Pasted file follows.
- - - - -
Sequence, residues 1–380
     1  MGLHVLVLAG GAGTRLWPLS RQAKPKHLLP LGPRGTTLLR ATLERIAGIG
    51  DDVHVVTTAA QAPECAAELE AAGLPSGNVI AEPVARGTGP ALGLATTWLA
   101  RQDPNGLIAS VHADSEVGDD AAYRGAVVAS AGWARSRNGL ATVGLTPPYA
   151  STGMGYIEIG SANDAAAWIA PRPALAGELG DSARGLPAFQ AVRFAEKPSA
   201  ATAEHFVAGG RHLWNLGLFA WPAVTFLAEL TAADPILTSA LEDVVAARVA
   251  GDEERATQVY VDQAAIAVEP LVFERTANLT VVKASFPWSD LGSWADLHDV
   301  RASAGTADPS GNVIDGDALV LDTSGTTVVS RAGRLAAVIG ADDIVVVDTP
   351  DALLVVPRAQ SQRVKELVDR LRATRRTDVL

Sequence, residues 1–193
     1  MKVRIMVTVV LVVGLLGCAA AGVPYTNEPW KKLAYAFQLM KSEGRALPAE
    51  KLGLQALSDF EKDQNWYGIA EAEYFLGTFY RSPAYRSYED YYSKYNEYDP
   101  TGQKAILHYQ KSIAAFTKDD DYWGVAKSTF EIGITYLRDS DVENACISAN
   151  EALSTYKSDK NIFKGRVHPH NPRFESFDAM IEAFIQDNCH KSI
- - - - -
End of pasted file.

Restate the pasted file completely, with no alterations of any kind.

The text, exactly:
Sequence, residues 1–380
     1  MGLHVLVLAG GAGTRLWPLS RQAKPKHLLP LGPRGTTLLR ATLERIAGIG
    51  DDVHVVTTAA QAPECAAELE AAGLPSGNVI AEPVARGTGP ALGLATTWLA
   101  RQDPNGLIAS VHADSEVGDD AAYRGAVVAS AGWARSRNGL ATVGLTPPYA
   151  STGMGYIEIG SANDAAAWIA PRPALAGELG DSARGLPAFQ AVRFAEKPSA
   201  ATAEHFVAGG RHLWNLGLFA WPAVTFLAEL TAADPILTSA LEDVVAARVA
   251  GDEERATQVY VDQAAIAVEP LVFERTANLT VVKASFPWSD LGSWADLHDV
   301  RASAGTADPS GNVIDGDALV LDTSGTTVVS RAGRLAAVIG ADDIVVVDTP
   351  DALLVVPRAQ SQRVKELVDR LRATRRTDVL

Sequence, residues 1–193
     1  MKVRIMVTVV LVVGLLGCAA AGVPYTNEPW KKLAYAFQLM KSEGRALPAE
    51  KLGLQALSDF EKDQNWYGIA EAEYFLGTFY RSPAYRSYED YYSKYNEYDP
   101  TGQKAILHYQ KSIAAFTKDD DYWGVAKSTF EIGITYLRDS DVENACISAN
   151  EALSTYKSDK NIFKGRVHPH NPRFESFDAM IEAFIQDNCH KSI